If we choose two of the data points, say \((18,64)\) and \((23,56)\text{,}\) and assume that \(f(t) = ab^t\text{,}\) we can determine the values of \(a\) and \(b\text{.}\) Doing so, it turns out that \(a \approx 103.503\) and \(b \approx 0.974\text{,}\) so \(f(t) = 103.503 ( 0.974)^t\text{.}\) Since \(f(t) = F(t) - 71\text{,}\) we see that \(F(t) = f(t) + 71\text{,}\) so \(F(t) = 103.503 (0.974)^t + 71\text{.}\) Plotting \(f\) against the shifted data and \(F\) along with the original data in Figure 3.2.9 and Figure 3.2.10, we see that the curves go exactly through the points where \(t = 18\) and \(t = 23\) as expected, but also that the function provides a reasonable model for the observed behavior at any time \(t\text{.}\) If our data was even more accurate, we would expect that the curve's fit would be even better.

Our preceding work with the coffee data can be done similarly with data for any cooling or warming object whose temperature initially differs from its surroundings. Indeed, it is possible to show that Newton's Law of Cooling implies that the object's temperature is given by a function of the form \(F(t) = ab^t + c\text{.}\)

Activity 3.2.3.

A can of soda (at room temperature) is placed in a refrigerator at time \(t = 0\) (in minutes) and its temperature, \(F(t)\text{,}\) in degrees Fahrenheit, is computed at regular intervals. Based on the data, a model is formulated for the object's temperature, given by

\begin{equation*} F(t) = 42 + 30(0.95)^{t}\text{.} \end{equation*}
  1. Consider the simpler (parent) function \(p(t) = (0.95)^t\text{.}\) How do you expect the graph of this function to appear? How will it behave as time increases? Without using graphing technology, sketch a rough graph of \(p\) and write a sentence of explanation.

  2. For the slightly more complicated function \(r(t) = 30 (0.95)^{t}\text{,}\) how do you expect this function to look in comparison to \(p\text{?}\) What is the long-range behavior of this function as \(t\) increases? Without using graphing technology, sketch a rough graph of \(r\) and write a sentence of explanation.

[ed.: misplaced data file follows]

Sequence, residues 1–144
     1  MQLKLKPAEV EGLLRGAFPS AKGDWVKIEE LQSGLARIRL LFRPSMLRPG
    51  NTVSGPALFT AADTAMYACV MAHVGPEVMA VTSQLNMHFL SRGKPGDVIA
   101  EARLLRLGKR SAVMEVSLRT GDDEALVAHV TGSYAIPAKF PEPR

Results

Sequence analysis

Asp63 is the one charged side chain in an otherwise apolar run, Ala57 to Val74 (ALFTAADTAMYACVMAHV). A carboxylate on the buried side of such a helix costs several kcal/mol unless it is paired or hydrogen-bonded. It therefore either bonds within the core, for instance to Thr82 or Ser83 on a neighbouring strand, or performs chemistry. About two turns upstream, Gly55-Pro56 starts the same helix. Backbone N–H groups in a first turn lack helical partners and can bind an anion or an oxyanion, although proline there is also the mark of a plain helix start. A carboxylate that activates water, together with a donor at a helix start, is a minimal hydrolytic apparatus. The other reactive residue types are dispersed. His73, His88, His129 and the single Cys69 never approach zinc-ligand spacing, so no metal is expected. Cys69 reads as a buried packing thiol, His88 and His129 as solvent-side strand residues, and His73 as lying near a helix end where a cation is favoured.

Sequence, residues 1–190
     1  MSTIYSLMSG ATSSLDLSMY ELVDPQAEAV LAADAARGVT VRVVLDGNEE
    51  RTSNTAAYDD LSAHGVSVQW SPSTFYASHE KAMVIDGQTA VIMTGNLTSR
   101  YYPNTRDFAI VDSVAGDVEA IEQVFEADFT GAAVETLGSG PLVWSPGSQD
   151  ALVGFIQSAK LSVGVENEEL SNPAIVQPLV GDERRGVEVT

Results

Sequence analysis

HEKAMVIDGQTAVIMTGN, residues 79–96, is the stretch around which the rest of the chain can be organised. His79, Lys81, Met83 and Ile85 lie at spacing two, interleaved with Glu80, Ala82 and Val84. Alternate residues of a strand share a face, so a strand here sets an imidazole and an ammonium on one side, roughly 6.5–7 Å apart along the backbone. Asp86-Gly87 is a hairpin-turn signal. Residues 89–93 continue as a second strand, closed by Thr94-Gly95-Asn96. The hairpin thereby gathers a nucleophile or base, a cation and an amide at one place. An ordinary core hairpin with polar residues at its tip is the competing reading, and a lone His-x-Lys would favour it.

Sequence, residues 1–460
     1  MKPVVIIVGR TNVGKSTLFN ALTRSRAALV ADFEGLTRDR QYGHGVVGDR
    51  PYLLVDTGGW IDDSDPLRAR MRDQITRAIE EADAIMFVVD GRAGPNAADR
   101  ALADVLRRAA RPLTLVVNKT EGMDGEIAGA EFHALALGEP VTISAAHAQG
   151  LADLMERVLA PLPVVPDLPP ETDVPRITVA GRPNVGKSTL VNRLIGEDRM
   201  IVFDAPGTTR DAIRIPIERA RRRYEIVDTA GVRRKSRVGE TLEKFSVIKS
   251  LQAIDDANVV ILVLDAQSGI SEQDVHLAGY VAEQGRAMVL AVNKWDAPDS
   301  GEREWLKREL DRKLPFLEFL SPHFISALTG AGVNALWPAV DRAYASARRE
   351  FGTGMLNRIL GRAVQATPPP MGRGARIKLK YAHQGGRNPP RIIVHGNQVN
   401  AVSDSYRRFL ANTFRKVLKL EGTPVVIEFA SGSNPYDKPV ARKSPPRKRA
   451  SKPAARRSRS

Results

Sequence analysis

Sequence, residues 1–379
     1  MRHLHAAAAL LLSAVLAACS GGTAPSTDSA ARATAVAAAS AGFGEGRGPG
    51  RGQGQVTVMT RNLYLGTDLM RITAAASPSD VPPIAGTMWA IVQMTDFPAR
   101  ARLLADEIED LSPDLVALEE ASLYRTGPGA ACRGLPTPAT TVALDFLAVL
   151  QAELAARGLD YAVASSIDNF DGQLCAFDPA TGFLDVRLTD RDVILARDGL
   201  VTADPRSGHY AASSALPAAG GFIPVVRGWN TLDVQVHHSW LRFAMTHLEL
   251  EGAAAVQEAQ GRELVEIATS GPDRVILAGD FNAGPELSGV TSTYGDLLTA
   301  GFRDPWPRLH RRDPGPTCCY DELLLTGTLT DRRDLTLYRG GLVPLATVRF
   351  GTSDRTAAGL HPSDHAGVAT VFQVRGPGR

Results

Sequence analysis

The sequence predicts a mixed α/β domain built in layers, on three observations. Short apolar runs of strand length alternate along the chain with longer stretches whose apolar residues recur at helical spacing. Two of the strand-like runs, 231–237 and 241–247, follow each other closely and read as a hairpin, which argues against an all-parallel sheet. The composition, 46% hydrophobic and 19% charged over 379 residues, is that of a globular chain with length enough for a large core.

3. Finally, how do you expect the graph of \(F(t) = 42 + 30(0.95)^{t}\) to appear? Why? First sketch a rough graph without graphing technology, and then use technology to check your thinking and report an accurate, labeled graph on the axes provided in Figure 3.2.11.

    Figure 3.2.11. Axes for plotting \(F\text{.}\)
  4. What is the temperature of the refrigerator? What is the room temperature of the surroundings outside the refrigerator? Why?

  5. Determine the average rate of change of \(F\) on the intervals \([10,20]\text{,}\) \([20,30]\text{,}\) and \([30,40]\text{.}\) Write at least two careful sentences that explain the meaning of the values you found, including units, and discuss any overall trend in how the average rate of change is changing.

Activity 3.2.4.

A potato initially at room temperature (\(68^\circ\)) is placed in an oven (at \(350^\circ\)) at time \(t = 0\text{.}\) It is known that the potato's temperature at time \(t\) is given by the function \(F(t) = a - b(0.98)^t\) for some positive constants \(a\) and \(b\text{,}\) where \(F\) is measured in degrees Fahrenheit and \(t\) is time in minutes.

  1. What is the numerical value of \(F(0)\text{?}\) What does this tell you about the value of \(a - b\text{?}\)

  2. Based on the context of the problem, what should be the long-range behavior of the function \(F(t)\text{?}\) Use this fact along with the behavior of \((0.98)^t\) to determine the value of \(a\text{.}\) Write a sentence to explain your thinking.

  3. What is the value of \(b\text{?}\) Why?

  4. Check your work above by plotting the function \(F\) using graphing technology in an appropriate window. Record your results on the axes provided in Figure 3.2.12, labeling the scale on the axes. Then, use the graph to estimate the time at which the potato's temperature reaches \(325\) degrees.

    Figure 3.2.12. Axes for plotting \(F\text{.}\)
  5. How can we view the function \(F(t) = a - b(0.98)^t\) as a transformation of the parent function \(f(t) = (0.98)^t\text{?}\) Explain.

Subsection 3.2.4 Summary